Why does pgfplots plot functions only until x = 5 and y = 5, but not any further?

```
\documentclass{article}
\usepackage{tikz}
\usepackage{pgfplots}
%%%<
\usepackage[active,tightpage]{preview}
\PreviewEnvironment{tikzpicture}
\setlength\PreviewBorder{5pt}
%%%>
\begin{document}
\begin{tikzpicture}
\begin{axis}[samples=100,ymin=0,ymax=10,xmin=0,xmax=20]
\addplot [thick] plot (\x, {1/(1 + exp(-0.6*(\x - 12)))});
\addplot plot (\x, {\x});
\end{axis}
\end{tikzpicture}
\end{document}
```

## Best Answer

There are a lot of "domain" options in

`pgfplots`

. The one which you are asking about is simply`domain`

, which specifies what values of`x`

(you don't need the backslash if you're using`pgfplots`

) are used in plotting; by default, we have`domain = -5:5`

, which is what the author apparently thinks is reasonable for typical graphs. There is a corresponding`y domain`

for two-variable functions.This domain is quite different from the limits established by

`xmin`

and`xmax`

. While`domain`

is set per-plot, these keys are set per-axis and just confine the actualdrawingto these limits. There are corresponding`ymin`

and`ymax`

. These will be computed automatically by`pgfplots`

if they are not given, but it is necessary for a really polished picture to set them yourself. Note that`y domain`

doesnothave anything to do with`ymin`

and`ymax`

in a plot of one-variable functions, because it determines the inputs of the non-existent variable`y`

. Instead,`ymin`

and`ymax`

, if they were determined automatically, would be calculated from the values output by your plotted functions across the`domain`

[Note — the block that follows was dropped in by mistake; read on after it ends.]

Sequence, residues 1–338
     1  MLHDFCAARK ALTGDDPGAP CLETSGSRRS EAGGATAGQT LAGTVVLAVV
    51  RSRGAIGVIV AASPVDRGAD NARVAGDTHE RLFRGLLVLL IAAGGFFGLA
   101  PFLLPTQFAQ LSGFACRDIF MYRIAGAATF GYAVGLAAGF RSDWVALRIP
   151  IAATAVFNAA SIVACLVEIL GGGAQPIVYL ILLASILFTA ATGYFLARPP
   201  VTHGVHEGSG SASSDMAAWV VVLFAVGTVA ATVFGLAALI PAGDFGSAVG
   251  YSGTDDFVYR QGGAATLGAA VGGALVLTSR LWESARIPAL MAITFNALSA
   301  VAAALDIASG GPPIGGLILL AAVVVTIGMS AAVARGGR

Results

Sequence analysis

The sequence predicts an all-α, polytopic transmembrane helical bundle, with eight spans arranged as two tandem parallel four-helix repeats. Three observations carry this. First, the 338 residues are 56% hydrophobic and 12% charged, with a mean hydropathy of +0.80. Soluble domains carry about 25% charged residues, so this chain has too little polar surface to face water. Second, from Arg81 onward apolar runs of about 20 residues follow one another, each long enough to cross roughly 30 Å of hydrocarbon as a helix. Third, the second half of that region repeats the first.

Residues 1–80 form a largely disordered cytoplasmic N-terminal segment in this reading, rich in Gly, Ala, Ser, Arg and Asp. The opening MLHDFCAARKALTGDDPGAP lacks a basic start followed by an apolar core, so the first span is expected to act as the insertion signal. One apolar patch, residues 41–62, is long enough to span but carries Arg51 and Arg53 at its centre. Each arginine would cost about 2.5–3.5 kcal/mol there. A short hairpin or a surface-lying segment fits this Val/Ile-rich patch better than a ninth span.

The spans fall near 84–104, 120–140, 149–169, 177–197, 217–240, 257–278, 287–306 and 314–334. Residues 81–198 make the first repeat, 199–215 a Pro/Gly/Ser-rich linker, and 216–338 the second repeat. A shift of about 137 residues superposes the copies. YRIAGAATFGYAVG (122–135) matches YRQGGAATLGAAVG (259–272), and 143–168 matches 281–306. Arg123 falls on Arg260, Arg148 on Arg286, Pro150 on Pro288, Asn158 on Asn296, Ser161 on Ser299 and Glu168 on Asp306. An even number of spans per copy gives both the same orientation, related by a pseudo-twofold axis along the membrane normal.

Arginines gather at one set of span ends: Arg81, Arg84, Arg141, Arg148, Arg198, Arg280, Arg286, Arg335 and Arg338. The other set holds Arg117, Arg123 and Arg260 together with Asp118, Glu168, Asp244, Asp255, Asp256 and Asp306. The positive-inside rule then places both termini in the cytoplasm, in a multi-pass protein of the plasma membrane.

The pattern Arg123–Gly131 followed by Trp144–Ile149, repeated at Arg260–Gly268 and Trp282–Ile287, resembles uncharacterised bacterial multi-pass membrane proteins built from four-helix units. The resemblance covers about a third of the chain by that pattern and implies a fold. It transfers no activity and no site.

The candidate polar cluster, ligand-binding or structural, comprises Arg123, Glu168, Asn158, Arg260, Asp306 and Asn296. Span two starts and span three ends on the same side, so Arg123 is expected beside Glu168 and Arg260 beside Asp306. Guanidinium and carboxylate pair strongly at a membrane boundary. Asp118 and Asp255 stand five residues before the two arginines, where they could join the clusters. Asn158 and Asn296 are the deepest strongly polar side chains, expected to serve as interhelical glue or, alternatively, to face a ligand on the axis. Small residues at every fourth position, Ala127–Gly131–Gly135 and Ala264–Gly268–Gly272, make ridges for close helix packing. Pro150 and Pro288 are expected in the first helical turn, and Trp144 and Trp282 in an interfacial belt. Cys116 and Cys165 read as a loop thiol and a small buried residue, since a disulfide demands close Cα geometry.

.There are more! My favorites are

`restrict x to domain`

and`restrict y to domain`

, which are filters with the same input syntax as`domain`

. These don't determine what numbers are used in the variables; they determine what values are used in the plot. They are enormously helpful with parametric or uncontrollable functions; i.e.`\addplot {1/x};`

will, with the default`domain = -5:5`

, produce a rather hideous asymptote at`x = 0`

as well as (with the default`ymin`

and`ymax`

) a badly distorted view of the axes. But setting`restrict y to domain = -5:5`

in this plot will simply eliminate the large values, removing the asymptote and also scaling the picture back to a proportional square.Or, alternatively, a parametric plot such as

`\addplot ({exp(x)},{exp(-x)});`

(a funny way of drawing the same thing in the first quadrant alone), which is hard to tune directly because of the logarithmic connection between values on the plot and values of the variable. For this, both the default`domain`

and the default axis sizes are inappropriate; I usually leave`domain`

as it is (which gives numbers that are too huge in both coordinates) and then set`restrict x to domain`

and`restrict y to domain`

accordingly to trim the picture nicely. This is not to say it's a good idea to becompletelyoblivious to`domain`

, since those pointsarecomputed...just not used.These filter keys are different from the min and max keys because they actually ignore the filtered-out values, rather than simply cutting them out of the picture. This is essential if these values are larger than TeX is capable of computing with.

Finally, there are

`samples`

or`sample at`

, which latter exists mutually exclusively with`domain`

and say how many, or evenexactlyat which values of`x`

to compute values. This can be an alternative to the`restrict to domain`

keys, if you choose the samples carefully to avoid exceptional inputs. They are also useful for tuning the plot around rapidly-varying places in the graph, which would otherwise look rather choppy. These also interact with the`restrict to domain`

keys in the sense that with, say,there will be exactly 11 points evaluated, namely

`({exp(-5)},{exp(5)})`

through`({exp(5)},{exp(-5)})`

, but only those with both coordinates in the interval`[-1,1]`

will be plotted. Unfortunately, the only point with that property is`({exp(0)},{exp(0)}) = (1,1)`

, so your plot will be rather vacant.The un-plotted points are not even used to anchor interpolating curves!So the filter keys are not a panacea.My pictures tend to set

allof these keys, since they each affect the drawing differently.